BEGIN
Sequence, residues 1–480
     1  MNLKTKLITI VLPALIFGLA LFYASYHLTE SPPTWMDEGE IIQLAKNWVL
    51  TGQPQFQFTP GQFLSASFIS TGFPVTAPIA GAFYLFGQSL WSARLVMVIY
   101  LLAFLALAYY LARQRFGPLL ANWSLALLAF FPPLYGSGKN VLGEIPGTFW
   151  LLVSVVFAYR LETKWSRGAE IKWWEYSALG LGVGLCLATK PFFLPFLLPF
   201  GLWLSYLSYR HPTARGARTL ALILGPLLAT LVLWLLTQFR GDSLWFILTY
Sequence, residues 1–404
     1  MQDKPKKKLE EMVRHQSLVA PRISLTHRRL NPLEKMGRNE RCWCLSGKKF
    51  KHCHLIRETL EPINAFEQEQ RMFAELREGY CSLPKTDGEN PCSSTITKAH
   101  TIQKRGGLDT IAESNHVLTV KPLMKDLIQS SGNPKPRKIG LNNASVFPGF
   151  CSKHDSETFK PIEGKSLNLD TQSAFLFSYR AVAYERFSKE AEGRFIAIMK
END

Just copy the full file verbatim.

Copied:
Sequence, residues 1–480
     1  MNLKTKLITI VLPALIFGLA LFYASYHLTE SPPTWMDEGE IIQLAKNWVL
    51  TGQPQFQFTP GQFLSASFIS TGFPVTAPIA GAFYLFGQSL WSARLVMVIY
   101  LLAFLALAYY LARQRFGPLL ANWSLALLAF FPPLYGSGKN VLGEIPGTFW
   151  LLVSVVFAYR LETKWSRGAE IKWWEYSALG LGVGLCLATK PFFLPFLLPF
   201  GLWLSYLSYR HPTARGARTL ALILGPLLAT LVLWLLTQFR GDSLWFILTY
Sequence, residues 1–404
     1  MQDKPKKKLE EMVRHQSLVA PRISLTHRRL NPLEKMGRNE RCWCLSGKKF
    51  KHCHLIRETL EPINAFEQEQ RMFAELREGY CSLPKTDGEN PCSSTITKAH
   101  TIQKRGGLDT IAESNHVLTV KPLMKDLIQS SGNPKPRKIG LNNASVFPGF
   151  CSKHDSETFK PIEGKSLNLD TQSAFLFSYR AVAYERFSKE AEGRFIAIMK